It is an approach that emphasises match-like training and conditions players for the game without the need for a massive intervention from strength and conditioning staff.

Reardon, who has been working with the Dublin-based province since 2011 and recently launched a pro boxing career, insists the building blocks in terms of fitness and strength must still be laid in pre-season but a co-ordinated approach is important when the season is up and running.

“The further I get into it now the more I feel like the next step you can make to improve teams or to stand out as a coach or make your team stand out is not so much with your strength stuff or fitness stuff, because everyone is doing that stuff,” he stressed, “it’s about improving how you translate that to the way you play."

“The coaches we have are so experienced and have such a solid way of delivering the rugby programme, we do very little extras or top ups or anything like that with players and I think that is the mark of a good programme."

“You are not having to chase what basically should be just base line elements of fitness, they should just be there and the fact that the rugby programme is delivering those makes my job much easier."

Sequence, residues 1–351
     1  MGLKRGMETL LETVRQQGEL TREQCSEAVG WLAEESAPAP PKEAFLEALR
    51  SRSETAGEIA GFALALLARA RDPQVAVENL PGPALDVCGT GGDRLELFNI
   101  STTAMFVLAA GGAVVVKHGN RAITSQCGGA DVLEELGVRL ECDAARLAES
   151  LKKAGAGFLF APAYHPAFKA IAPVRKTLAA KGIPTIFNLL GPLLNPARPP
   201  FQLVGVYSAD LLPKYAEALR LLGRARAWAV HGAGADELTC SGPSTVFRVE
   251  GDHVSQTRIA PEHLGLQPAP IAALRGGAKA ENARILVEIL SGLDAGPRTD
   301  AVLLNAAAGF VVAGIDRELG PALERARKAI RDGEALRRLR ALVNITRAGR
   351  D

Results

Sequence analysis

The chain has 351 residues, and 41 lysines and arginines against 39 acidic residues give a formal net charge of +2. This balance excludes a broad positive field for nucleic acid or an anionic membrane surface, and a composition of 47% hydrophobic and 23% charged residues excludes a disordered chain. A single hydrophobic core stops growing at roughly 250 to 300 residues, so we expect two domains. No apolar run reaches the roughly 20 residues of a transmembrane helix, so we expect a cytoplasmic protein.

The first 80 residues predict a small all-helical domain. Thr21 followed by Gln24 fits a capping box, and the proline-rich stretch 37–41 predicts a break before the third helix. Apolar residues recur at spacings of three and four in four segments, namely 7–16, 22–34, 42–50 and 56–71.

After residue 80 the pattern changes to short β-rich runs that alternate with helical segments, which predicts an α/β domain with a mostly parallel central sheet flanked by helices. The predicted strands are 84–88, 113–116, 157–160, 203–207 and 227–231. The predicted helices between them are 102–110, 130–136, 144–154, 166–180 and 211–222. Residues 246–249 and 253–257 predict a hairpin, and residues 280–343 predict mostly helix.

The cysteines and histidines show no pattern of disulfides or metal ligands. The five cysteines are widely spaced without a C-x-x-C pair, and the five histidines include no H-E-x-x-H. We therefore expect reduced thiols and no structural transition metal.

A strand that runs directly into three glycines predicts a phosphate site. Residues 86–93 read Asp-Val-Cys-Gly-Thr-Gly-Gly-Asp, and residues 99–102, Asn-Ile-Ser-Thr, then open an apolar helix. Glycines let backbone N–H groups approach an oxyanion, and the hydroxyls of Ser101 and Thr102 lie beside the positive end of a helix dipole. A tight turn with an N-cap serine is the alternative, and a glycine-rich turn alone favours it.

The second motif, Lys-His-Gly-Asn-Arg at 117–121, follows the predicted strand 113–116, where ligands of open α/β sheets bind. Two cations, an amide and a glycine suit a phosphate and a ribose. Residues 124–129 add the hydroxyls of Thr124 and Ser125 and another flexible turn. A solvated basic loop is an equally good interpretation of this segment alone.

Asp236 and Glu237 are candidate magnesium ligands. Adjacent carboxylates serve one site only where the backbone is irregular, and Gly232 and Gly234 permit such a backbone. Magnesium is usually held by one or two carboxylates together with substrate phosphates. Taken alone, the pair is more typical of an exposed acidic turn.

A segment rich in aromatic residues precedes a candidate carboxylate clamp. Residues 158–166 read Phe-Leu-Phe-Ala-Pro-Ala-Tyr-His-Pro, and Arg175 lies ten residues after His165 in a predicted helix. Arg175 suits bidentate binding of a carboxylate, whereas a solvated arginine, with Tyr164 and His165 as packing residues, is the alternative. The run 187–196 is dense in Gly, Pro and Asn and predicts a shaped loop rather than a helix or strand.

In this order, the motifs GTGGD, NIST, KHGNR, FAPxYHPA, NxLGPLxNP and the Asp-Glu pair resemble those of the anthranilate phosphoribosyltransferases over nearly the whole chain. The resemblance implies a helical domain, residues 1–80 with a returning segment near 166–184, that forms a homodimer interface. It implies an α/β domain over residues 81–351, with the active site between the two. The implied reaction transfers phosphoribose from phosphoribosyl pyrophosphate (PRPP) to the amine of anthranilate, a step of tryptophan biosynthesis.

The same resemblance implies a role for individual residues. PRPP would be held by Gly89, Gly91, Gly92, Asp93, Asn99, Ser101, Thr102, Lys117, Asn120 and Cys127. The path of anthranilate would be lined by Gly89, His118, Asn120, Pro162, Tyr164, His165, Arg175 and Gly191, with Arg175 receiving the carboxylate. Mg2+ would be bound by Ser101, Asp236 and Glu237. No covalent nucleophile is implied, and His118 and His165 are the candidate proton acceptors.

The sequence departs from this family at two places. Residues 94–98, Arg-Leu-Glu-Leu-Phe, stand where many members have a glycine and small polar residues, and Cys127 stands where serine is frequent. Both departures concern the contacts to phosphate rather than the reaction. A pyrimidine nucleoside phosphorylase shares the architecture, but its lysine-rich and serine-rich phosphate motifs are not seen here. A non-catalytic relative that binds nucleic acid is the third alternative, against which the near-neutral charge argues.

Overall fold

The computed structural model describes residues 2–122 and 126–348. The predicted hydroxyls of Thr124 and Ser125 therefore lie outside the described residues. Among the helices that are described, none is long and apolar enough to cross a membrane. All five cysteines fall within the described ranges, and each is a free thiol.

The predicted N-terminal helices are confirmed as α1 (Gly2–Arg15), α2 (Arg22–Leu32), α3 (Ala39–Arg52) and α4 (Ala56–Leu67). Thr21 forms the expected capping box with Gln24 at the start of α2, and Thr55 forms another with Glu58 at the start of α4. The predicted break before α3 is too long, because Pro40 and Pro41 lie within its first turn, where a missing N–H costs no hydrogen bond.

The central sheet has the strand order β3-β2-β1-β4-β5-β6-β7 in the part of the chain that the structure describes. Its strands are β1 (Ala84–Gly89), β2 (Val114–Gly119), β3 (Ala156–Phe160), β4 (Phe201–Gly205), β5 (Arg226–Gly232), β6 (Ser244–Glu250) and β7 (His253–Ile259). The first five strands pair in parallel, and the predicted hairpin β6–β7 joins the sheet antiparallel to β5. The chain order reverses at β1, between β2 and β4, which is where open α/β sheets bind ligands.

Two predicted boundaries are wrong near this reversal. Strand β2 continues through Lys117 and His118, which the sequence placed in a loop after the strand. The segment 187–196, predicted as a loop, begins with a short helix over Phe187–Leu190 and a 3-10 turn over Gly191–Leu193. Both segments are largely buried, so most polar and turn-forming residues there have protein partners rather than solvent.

“It keeps it relevant, it means the strength we build in the gym, the fitness we build in pre-season, most of the time during the year the players are just learning how best to translate that into performance instead of chasing a number that we see as being what you have to have in order to perform in the sport.”

Reardon also believes some teams can get hung up on the importance of hitting certain numbers in the gym.

“I think what differentiates teams that do that and teams that don’t is technical and tactical execution,” explained Reardon. “How aerobically and anaerobically fit and strong you are obviously important but as I’ve said it is basically a base line."

“Once you’re strong enough and fit enough, our next scope for improvement is probably not so much becoming stronger or fitter, it is from translating that, shifting that emphasis to pitch stats rather than a better 1K test time, or squat strength and that kind of thing.”

Leinster’s overall aim is to create players who are comfortable working under both physical and mental stress, who can keep calm under pressure and make good decisions when fatigue has set in.

In essence, players who are comfortable being uncomfortable.

The road to that goal is certainly not easy but it is clear to Gibson-Park, and anyone who has saw them in action last season, that hard work pays off.

“By this stage, it has become the normal thing, and I suppose you can see on the pitch how fit the guys are and how comfortable we are in chaos.”

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Graham Jenkins is a freelance sports journalist who has been reporting around the rugby globe for over 20 years. A former editor of the leading rugby union website, he is a veteran of five World Cups and cites England’s 2003 triumph as the most memorable moment of his professional career - closely followed by a night out with Toulon owner Mourad Boudjellal.